Figure 1: Chloramphenicol-base-derived bifunctional organocatalysts.

Despite extensive studies on chloramphenicol-base-derived bifunctional derivatives catalyzed asymmetric alcoholysis of anhydride, the exploration of new effective and easily accessible fully synthetic organocatalysts through further modification of this privilege motif are always needed. Our present design is inspired by cinchona-derived sulfonamides, first developed by Song and co-workers [44-46]. Because of its easy availability and unique stereochemical aspect, we were therefore intrigued by the possibility of modifying the chloramphenicol base structural backbone by virtue of substituting the hydroxy group at C-1 position by a simple amide moiety as monodentate hydrogen bond donor to activate the electrophile (anhydride), whilst retaining the tertiary amine functionality to activate the nucleophile (alcohol, Figure 2). As part of our ongoing research program on chloramphenicol base organocatalysis, herein, we report a new class of chloramphenicol-derived bifunctional amide organocatalysts and their application for enantioselective alcoholysis of meso-cyclic anhydrides.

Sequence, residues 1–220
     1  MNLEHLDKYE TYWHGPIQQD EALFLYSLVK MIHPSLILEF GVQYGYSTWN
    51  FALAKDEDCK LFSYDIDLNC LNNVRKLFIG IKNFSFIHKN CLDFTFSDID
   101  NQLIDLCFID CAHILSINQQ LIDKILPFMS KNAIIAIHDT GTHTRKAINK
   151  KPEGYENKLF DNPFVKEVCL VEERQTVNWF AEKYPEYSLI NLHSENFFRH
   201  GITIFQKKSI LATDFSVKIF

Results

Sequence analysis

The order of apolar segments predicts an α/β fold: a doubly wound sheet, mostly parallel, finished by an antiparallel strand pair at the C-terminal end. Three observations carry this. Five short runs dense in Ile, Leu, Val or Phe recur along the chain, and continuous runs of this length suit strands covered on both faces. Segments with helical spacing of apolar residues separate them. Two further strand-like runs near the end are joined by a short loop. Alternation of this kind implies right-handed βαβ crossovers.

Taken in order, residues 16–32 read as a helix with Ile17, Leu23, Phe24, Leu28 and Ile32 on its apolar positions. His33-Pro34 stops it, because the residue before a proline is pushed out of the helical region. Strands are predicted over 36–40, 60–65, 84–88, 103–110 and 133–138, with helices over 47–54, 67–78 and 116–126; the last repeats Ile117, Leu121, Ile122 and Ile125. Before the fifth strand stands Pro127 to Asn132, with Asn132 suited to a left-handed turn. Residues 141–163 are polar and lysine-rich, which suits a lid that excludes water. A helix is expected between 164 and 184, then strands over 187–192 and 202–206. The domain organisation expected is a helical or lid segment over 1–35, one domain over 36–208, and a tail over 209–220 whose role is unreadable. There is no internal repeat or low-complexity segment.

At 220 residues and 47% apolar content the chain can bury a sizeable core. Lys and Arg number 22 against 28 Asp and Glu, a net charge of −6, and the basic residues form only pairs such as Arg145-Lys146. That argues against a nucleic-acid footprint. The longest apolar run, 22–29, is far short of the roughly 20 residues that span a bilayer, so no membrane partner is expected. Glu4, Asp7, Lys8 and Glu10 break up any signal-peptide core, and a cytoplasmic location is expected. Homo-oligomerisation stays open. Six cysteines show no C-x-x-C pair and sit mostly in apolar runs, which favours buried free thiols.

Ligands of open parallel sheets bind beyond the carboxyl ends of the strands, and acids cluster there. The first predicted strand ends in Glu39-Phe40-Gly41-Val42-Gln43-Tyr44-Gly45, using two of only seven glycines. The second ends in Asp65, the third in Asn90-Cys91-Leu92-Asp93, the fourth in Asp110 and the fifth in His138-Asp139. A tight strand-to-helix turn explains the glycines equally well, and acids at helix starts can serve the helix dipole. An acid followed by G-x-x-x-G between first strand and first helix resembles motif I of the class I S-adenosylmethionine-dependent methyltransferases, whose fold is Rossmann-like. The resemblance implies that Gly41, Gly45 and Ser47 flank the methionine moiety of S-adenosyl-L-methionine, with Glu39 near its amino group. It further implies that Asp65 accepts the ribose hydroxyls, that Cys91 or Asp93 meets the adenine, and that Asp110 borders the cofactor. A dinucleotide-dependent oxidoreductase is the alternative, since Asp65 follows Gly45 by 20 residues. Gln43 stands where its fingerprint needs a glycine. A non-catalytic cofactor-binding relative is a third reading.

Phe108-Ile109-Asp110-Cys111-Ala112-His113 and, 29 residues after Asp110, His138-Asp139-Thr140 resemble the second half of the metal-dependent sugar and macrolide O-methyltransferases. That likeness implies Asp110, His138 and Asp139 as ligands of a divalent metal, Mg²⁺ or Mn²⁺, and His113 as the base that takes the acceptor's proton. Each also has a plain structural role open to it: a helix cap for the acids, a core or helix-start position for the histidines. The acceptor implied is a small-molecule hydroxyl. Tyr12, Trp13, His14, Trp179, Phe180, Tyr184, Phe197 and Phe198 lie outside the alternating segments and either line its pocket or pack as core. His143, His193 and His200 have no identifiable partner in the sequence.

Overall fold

Figure 2: Design of new chloramphenicol base amide organocatalysts.

In the precedented urea- or thiourea-based organocatalytic methanolysis of anhydrides, one big problem is the homo-aggregation of the catalysts via hydrogen bonding, which decreased the reactivity and enantioselectivity and required diluted concentrations with low temperatures [47]. With the new chloramphenicol base amide organocatalysts we envisioned that the presence of a bulky oxygen group could avoid the intermolecular aggregation of the catalyst, while keeping the desired bifunctional Brønsted acid/base reactivity for enantioselective desymmetrization of anhydrides [48,49].

Results and Discussion